Many thanks to Terrence Honore and the Palmiste Historical Society for the following information. These Scottish bricks were found on the Cedar Grove, Canaan Palmiste Estates, Trinidad. They were formerly owned by Scotsmen like the Lamonts. A chimney of bricks from that era 1810, still stands, along with bridges and a few other structures. The…
Below are some notes sent to me by Stuart McLean with regards a dispute between Gichchrist and Goldie, Brick manufacturers and the North British Railway Company. I have not read the full article.
Precise of Gilchrist & Goldie Brickworks V North British Railway Company – 1869/72 – by Stuart McLean.
Claims for Pursuer:
1 . All the clay, subsoil and other materials in the field for the duration of 8 years from Whitsunday 1867 at the annual fixed rent of £150, subject to conditions, were let from Andrew Drummond Foulds by James Gordon Oswald.
2 . In March 1868 Gilchrist & Goldie purchased and acquired the rights to the field and brickworks and have worked the brickworks as owners since then.
3. The ground is 4 ½ acres and is suitable for the working of 4 tables. Half a million bricks are made per table per season therefore 2 million overall.
4. Two extra acres were bought to build brick making machinery. They bought an engine and boilers for this purpose, but the arrival of surveyors from the Railway Company led them to believe they would get only one season from the machines, so they postponed their erection.
5. They have had the engine and boilers for two years.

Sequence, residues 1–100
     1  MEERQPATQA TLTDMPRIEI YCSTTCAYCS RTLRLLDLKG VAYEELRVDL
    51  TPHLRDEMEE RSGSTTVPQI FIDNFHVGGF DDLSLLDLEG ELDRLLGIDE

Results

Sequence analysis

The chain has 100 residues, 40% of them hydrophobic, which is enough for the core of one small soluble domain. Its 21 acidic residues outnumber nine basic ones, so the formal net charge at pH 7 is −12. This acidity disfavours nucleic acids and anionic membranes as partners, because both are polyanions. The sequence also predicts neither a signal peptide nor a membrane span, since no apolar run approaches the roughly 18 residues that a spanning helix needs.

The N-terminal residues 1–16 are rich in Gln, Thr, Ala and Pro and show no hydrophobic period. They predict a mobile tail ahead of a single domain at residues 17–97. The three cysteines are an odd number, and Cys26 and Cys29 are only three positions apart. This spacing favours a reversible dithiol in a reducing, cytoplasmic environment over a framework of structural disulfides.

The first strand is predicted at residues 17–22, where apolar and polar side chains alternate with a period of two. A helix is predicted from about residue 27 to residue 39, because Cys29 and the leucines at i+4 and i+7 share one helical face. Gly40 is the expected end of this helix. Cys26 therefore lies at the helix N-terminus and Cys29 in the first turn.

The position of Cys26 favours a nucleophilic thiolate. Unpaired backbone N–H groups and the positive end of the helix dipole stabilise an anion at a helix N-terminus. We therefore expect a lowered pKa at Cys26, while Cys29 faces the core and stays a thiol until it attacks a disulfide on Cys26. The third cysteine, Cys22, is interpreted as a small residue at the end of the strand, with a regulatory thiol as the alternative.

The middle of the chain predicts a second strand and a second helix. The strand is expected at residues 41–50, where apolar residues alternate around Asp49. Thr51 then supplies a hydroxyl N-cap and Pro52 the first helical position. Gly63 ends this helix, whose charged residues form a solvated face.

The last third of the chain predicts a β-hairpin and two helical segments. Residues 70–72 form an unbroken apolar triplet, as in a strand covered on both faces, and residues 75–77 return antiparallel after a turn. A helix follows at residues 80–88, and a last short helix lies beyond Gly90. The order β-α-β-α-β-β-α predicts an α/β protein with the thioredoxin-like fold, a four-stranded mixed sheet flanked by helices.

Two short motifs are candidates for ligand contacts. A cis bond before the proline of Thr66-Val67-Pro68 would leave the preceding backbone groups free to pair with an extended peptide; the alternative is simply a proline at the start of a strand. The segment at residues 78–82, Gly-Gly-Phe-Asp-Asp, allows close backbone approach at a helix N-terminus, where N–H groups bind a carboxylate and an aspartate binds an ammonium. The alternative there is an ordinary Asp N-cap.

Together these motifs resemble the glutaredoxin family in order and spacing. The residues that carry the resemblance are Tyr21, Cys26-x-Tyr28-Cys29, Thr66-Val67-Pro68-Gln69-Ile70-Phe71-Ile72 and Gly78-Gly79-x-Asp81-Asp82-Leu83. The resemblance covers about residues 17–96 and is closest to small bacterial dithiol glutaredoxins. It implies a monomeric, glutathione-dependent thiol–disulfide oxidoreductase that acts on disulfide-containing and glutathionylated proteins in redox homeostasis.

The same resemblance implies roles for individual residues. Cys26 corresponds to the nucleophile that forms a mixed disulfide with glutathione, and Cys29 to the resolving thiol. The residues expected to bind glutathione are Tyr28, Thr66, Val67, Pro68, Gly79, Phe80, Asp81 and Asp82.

6. The Railway Company gave notice that to build the railway they would need 1 acre, 1 rod and 2 poles (0.33 of the field). On 2/10/1871 NBR took possession of the land.
7. The railway is 24’6” high running through the land in a diagonal curve. This renders the field too small and the value of the land will drop greatly.
8. The lease of the brickfield extends to the Whitsunday 1875 so there are 4 seasons of brick making unused.
9. The claimants (the brickfield) claim damages for loss and injury,
Loss of profit on 1 000 000 bricks for 4 yrs 2 000
Loss and damage on remaining portion machinery, working
smaller field, severance of ground, general disturbance 500
+10% for compulsory purchase 260
Alternatively:- The number of bricks actually produced was 850 000. At 28/- per 1000 this equals – £1260/10
Raising clay, moulding and dyking bricks. 371
Setting bricks 109/5
Rent & taxes 80
430 tons coal @ 7/6 161/5
Sand, ashes and clash 30
Water charge 7/16
Profit per annum = £489
The other claimant’s income for the remainder of lease is £1956,
Other claims as before = £860
Answers for North British Railway:
3. Admitted that the field is 4 1/2 acres, that it may be worked in 4 tables, and the usual number of bricks per table is 1/2m. Not admitted that claimants always worked 4 tables.
4. Not known or admitted.
5. Denied. Engine and boiler referred to formed part of the plant.
6. Admitted NBR took possession of the ground as stated in 4/5/1871.
7. Admitted that proposed railway will run through the field but will not take off as much as a third.
9. Denied that entitled to compensation. Amounts are excessive. Price of £1000 per ton is too high
Findings of oversman:- £1138 to claimants + interest of 5% pa from the date of the decree. Claimants will also be entitled to an apportionment of fixed rent Also entitled to expenses of the action
Dated 5 March 1872